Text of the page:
Arbor Day History

Julius Sterling Morton, the father of Arbor Day, said, "Other holidays repose upon the past; Arbor Day proposes for the future." These words, said 121 years ago, reflect the necessity of tree planting today.

The first Arbor Day took place on April 10, 1872, in the neighboring state of Nebraska. J. S. Morton, an early conservationist, believed trees could serve as windbreaks, hold moisture in the soil, and provide lumber for this prairie state.

He began planting trees and urged others to do so as well. After Morton joined the state board of agriculture, he used the opportunity to propose a specific day to be set aside for tree planting. The idea took off and on that day in Nebraska 1 million trees were planted. Just two years later it was made an annual event and in 1885 the Nebraska state legislature passed an act specifying April 22 (Morton's birthday) as the legal holiday Arbor Day. In the first 16 years, 350 million trees were planted in Nebraska.

Another contributor to tree planting was Birdsley Grant Northrup. He organized village improvement associations and advocated landscape beautification through tree planting. Towns in Connecticut, New York, and Massachusetts owe their beauty to the efforts of this man.

In April 1882, the American Forestry Congress and the American Forestry Association met in Cincinnati, Ohio. The superintendent of Cincinnati schools and Arbor Day supporter, John B. Peaslee closed the schools for the occasion and had the children participate in the state's first Arbor Day. In 1883 the American Forestry Congress adopted a resolution calling for the annual observance of Arbor Day in all schools throughout the country. Two years later a similar resolution was adopted by the National Education Association. In the early years state and federal governments offered incentives such as free seeds and plants or cash for tree planting. This practice was considered unfair to the nursery industry and was abandoned although many nurseries still provide free trees.

The most widespread observance of Arbor Day is in the public schools where trees are planted and pageants are held, as well as other events. Students are introduced to the beauty of trees and taught of their importance for shade and as wildlife sanctuaries. They are taught the various uses of lumber for construction, paper, and other vital products. Other individuals and groups, state and local governments, and civic organizations support Arbor Day. Although it is celebrated in all 50 states, it has never been made a federal holiday. Each state designates its own date for the celebration. Attempts to set a uniform date of observance have failed mainly due to differing climatic conditions. However, April 23 has been designated as National Arbor Day. Many states have designated the last Friday in April as Arbor Day and legislative efforts to designate this as National Arbor Day continue.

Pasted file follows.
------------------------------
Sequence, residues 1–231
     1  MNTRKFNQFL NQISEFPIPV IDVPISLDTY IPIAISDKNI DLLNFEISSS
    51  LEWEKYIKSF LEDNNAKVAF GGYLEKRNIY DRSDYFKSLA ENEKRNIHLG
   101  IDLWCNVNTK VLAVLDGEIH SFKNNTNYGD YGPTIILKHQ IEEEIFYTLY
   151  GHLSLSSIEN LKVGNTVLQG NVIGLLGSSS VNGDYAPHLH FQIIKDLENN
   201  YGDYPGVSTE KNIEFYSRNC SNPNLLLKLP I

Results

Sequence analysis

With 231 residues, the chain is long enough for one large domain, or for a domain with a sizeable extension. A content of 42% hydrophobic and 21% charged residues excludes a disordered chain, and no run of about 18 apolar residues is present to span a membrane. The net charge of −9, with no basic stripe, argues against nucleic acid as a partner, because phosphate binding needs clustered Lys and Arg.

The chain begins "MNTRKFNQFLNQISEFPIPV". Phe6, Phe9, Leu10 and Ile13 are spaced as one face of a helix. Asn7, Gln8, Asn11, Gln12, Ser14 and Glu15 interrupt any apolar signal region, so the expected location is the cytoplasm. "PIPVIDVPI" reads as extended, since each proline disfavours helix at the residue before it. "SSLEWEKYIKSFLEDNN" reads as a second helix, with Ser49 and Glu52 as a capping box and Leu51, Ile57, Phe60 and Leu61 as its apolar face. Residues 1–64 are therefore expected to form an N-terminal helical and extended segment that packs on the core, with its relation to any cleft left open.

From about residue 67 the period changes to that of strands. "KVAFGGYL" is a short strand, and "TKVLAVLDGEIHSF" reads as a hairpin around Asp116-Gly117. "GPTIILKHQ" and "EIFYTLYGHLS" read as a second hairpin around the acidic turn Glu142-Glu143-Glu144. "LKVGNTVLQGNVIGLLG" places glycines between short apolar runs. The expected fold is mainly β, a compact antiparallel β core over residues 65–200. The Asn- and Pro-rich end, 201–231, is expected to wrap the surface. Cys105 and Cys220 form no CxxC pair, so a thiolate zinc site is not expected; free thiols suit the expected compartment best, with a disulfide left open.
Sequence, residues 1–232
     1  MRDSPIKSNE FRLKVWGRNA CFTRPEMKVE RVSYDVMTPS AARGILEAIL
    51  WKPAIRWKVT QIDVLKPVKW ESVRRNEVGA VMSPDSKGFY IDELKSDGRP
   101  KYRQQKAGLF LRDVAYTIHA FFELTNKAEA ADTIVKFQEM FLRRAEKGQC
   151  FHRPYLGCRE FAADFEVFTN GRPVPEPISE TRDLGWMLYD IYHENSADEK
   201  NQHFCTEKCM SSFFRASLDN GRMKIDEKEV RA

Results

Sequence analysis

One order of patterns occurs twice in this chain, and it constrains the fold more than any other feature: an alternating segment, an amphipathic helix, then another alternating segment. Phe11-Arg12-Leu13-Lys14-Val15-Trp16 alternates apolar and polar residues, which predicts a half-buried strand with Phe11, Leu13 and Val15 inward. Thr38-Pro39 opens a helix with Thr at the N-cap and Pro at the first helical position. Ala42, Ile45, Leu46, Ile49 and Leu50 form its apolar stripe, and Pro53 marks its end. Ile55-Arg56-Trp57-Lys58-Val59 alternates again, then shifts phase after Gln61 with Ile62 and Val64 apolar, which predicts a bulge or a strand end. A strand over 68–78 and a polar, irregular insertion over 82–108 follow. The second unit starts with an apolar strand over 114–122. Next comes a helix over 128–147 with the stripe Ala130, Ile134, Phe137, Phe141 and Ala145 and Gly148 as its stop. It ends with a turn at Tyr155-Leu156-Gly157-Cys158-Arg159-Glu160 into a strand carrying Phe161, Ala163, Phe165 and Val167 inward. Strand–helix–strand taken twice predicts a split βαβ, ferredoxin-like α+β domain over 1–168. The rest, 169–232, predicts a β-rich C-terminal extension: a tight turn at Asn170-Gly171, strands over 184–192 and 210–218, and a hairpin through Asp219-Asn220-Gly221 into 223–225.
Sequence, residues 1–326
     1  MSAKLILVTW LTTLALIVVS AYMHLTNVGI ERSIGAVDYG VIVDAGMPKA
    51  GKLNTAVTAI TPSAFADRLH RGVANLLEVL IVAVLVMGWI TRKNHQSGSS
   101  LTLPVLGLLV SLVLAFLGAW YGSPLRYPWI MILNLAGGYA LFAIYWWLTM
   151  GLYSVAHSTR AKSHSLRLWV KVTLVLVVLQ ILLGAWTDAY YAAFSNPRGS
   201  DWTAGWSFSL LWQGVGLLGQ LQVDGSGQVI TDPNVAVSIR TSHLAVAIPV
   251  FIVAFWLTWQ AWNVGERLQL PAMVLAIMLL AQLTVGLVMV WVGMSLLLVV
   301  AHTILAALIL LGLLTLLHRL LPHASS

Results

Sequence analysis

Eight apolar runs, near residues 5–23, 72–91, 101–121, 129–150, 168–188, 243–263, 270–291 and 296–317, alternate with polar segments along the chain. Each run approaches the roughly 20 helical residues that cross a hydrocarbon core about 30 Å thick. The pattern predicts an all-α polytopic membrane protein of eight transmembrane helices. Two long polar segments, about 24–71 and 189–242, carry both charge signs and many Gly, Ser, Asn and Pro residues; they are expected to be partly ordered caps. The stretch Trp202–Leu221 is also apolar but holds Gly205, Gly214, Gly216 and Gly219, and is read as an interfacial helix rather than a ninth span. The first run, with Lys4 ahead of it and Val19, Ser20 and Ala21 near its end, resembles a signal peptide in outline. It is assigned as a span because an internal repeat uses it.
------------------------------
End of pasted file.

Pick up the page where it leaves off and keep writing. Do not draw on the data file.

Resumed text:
In Iowa, the first Arbor Day was held on April 20, 1874; sponsored by the Iowa State Horticultural Society. A committee consisting of Judge C. E. Whiting, D. W. Adams, and Prof. H. H. McAfee put together a list of premium trees and set the date of April 20, 1874, as the date the trees had to be planted to be eligible for the prizes awarded for those entering the tree planting contest. Many people planned to plant trees that day. However, Mother Nature had her own ideas and decided to cover the state with snow and rain. The rules of the contest were amended and the trees were planted before the end of April. The tree planting contest continued for 23 years. The Iowa legislature set the last Friday in April as Arbor Day in Iowa. The Iowa Horticultural Society, Plant Iowa, and many other groups continue to promote Arbor Day. The Iowa State Horticultural Society, the Department of Agriculture, and the Nurserymen's Association have set a fall planting day in Iowa of September 24, 1993.

The artist Grant Wood captured the true spirit of Arbor Day in his canvas "Arbor Day" where teacher and children labor to beautify an Iowa country schoolyard. Martin Luther declared, "If I knew that tomorrow the world would go to pieces, I would still plant my tree." Walter Irving expressed a similar feeling when he wrote: "He who plants a tree connot expect to sit in its shade, or enjoy its shelter; but he exults in the idea that the acorn shall grow to benefit mankind long after he is gone." With these closing words, enjoy Iowa's Arbor Day on Friday, April 30, and the fall planting day in September.

This article originally appeared in the April 28, 1993 issue, pp. , 1993 issue, pp. 57-58.

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